Cemetery officials reject JDL’s vandalism claims

Toppled tombstone in Roselawn Cemetery. BARRY EDSON PHOTO

Despite claims to the contrary by the Jewish Defence League, officials at Roselawn Cemetery in mid-town Toronto say toppled and smashed tombstones and leaning markers are the result of age and neglect, not vandalism.

“This is not vandalism,” Neil Perry, president of the Roselawn Lambton Cemetery Association, declared flatly in response to an opposite claim by the JDL.

The damage is from age and weather, he added.

Some headstones and graves in the more-than-century-old cemetery are “very old” and the damage is most likely caused by neglect and normal “wear and tear,” said Sara Abenstein, the cemetery association’s office manager.


That has not assuaged the JDL, which is sticking to its claim that some of the damage is the result of recent vandalism.

The group has organized an “emergency meeting” for March 13 to discuss the matter and to announce it is starting patrols at Jewish cemeteries in and around Toronto.

It posted photographs of the damage in the cemetery, saying it was “vandalized.”

“We see stones that are smashed. That makes us more inclined to think [it was vandalism],” JDL Canada director Meir Weinstein told The CJN on March 6. “I just can’t see how everything can be weather-related when you have smashed stones.”

On March 7, after speaking with Perry, Weinstein stuck to his guns. Asked by The CJN whether he still believes the damage is the result of neglect or vandalism, he replied, “Both. I think there’s a lot of neglect in our community.”

The emergency meeting will go on as planned, he said.

“The community needs protection and we’re going to be organizing patrols. We’re going to be patrolling cemeteries and Jewish institutions.”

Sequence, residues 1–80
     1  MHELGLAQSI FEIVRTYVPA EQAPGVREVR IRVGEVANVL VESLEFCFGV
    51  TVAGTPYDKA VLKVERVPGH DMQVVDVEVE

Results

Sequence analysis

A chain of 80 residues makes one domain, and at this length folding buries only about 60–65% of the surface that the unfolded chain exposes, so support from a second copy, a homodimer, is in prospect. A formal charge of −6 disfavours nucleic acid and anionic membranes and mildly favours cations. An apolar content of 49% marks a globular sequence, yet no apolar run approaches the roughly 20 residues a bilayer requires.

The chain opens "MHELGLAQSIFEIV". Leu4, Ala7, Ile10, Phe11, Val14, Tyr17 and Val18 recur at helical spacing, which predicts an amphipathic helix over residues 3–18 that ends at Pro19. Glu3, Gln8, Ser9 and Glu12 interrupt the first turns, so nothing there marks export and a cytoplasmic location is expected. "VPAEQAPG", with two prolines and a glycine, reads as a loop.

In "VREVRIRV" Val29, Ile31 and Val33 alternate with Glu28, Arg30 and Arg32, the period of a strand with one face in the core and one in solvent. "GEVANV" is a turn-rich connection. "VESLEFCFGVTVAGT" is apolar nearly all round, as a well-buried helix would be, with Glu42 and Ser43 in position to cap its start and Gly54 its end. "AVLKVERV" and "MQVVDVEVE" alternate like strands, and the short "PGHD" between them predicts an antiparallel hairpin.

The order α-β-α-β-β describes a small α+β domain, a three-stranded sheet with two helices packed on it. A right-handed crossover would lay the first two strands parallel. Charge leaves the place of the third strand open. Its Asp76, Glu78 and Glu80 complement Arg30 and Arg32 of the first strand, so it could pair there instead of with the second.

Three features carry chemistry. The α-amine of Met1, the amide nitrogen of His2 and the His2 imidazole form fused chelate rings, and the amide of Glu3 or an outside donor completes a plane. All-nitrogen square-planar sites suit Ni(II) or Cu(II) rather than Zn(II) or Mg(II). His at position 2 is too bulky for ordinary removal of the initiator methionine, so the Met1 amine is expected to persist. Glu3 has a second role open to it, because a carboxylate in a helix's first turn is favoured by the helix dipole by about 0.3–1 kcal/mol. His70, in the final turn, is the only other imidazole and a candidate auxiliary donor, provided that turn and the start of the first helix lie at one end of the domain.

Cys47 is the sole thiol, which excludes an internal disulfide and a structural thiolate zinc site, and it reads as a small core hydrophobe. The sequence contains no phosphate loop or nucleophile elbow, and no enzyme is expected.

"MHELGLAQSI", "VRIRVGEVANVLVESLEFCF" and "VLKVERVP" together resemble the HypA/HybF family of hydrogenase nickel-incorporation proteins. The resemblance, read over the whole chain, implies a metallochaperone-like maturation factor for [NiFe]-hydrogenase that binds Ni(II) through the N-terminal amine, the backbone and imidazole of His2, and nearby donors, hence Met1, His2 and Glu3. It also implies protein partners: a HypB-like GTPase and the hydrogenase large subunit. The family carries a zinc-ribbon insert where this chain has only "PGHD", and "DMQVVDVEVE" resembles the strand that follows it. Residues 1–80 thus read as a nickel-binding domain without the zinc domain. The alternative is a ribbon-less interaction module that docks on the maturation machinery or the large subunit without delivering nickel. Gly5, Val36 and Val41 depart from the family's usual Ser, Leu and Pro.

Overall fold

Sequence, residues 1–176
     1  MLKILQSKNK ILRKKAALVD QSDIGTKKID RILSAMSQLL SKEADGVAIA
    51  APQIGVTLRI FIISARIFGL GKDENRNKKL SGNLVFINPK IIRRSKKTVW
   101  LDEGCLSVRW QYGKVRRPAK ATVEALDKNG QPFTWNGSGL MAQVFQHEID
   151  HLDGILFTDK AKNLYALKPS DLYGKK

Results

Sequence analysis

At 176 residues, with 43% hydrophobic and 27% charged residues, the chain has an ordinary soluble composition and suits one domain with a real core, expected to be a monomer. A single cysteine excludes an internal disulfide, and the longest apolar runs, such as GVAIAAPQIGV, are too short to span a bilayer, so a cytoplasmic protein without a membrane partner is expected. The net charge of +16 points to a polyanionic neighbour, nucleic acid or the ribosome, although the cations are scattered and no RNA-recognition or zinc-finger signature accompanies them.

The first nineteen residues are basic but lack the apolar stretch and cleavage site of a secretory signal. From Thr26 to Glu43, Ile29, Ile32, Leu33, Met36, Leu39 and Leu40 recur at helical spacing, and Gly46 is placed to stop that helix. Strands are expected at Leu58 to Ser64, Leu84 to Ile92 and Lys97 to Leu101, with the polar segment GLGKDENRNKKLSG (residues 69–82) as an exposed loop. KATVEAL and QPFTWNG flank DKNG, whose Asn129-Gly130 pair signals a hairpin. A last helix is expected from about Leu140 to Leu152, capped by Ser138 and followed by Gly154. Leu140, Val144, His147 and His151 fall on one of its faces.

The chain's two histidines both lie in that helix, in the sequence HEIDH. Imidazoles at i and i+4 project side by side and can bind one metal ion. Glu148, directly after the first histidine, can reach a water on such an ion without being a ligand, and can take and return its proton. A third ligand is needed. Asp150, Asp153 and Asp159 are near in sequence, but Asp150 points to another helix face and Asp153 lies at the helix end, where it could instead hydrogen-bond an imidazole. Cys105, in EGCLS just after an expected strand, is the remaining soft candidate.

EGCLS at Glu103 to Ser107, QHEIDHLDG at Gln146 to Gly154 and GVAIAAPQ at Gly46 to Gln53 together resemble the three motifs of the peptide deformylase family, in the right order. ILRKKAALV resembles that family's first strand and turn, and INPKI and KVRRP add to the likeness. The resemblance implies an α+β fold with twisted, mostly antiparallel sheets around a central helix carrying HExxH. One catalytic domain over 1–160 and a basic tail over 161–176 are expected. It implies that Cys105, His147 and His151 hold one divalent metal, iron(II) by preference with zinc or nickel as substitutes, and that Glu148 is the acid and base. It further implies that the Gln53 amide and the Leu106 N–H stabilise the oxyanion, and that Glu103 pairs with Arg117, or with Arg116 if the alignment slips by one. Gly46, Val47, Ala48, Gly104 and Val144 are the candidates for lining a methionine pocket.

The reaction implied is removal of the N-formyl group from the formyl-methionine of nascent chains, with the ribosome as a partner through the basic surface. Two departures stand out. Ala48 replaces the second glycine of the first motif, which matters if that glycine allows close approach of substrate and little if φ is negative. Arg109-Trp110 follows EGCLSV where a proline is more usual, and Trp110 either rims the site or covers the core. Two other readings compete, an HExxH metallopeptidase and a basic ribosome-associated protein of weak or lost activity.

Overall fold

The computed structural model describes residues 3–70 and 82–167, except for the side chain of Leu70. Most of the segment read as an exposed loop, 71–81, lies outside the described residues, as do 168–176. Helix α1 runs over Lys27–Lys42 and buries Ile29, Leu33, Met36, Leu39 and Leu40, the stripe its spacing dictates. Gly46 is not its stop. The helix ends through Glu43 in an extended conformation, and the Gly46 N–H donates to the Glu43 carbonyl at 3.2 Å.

Asked whether he has approval from communal facilities and cemeteries, Weinstein said, “we’ll let the appropriate people know. And we’re going to work in conjunction with the police.”

Abenstein said her phones have been busy after the JDL posted pictures of bent markers and tipped-over and broken tombstones at Roselawn.

“To me it looks more like they’re old stones and some of them look very thin,” she said. Some stones in the cemetery’s Adath Israel section have been toppled over since last year, she noted.

“These stones have been down for a long time, not from vandalism.” Other damage “is not unusual.”

There was a funeral at Roselawn on March 6, Abenstein said. “You would think that if [caretakers] saw any sort of vandalism there, they would notify me. They didn’t.”

There are 24 sections in the graveyard, and the cemetery association oversees the upkeep of “10 or 11” of them, Perry said. “The others are on their own. If they don’t want to fix everything up, there’s not much I can do.”

Synagogues, Jewish fraternal groups and sick benefit societies own and administer other sections. One section belongs to UJA Federation of Greater Toronto.

If synagogues and Jewish groups are not fixing broken tombstones, “that’s a bad message from the community,” Weinstein said.”

The photos were sent to the JDL by Toronto lawyer Barry Edson, who visited the cemetery’s Pride of Israel section on March 6.

“I saw two stones knocked over. I didn’t know if it was vandalism or not. I don’t know what causes stones to fall over,” Edson said.

He then saw more toppled headstones in another section. “I saw a lot of damage. If it’s been there a long time, they’re not taking care of the cemetery.”

Claudia Kugelmass, a Toronto genealogy researcher, has approached several synagogues with a stake in Roselawn with the idea to tap into the Jewish Foundation of Greater Toronto to fund repairs at the cemetery.

“I feel the community has an obligation,” she said.

A 2012 article in the Torontoist about Roselawn Cemetery noted that “some aging tombstones have fallen and others lean perilously.”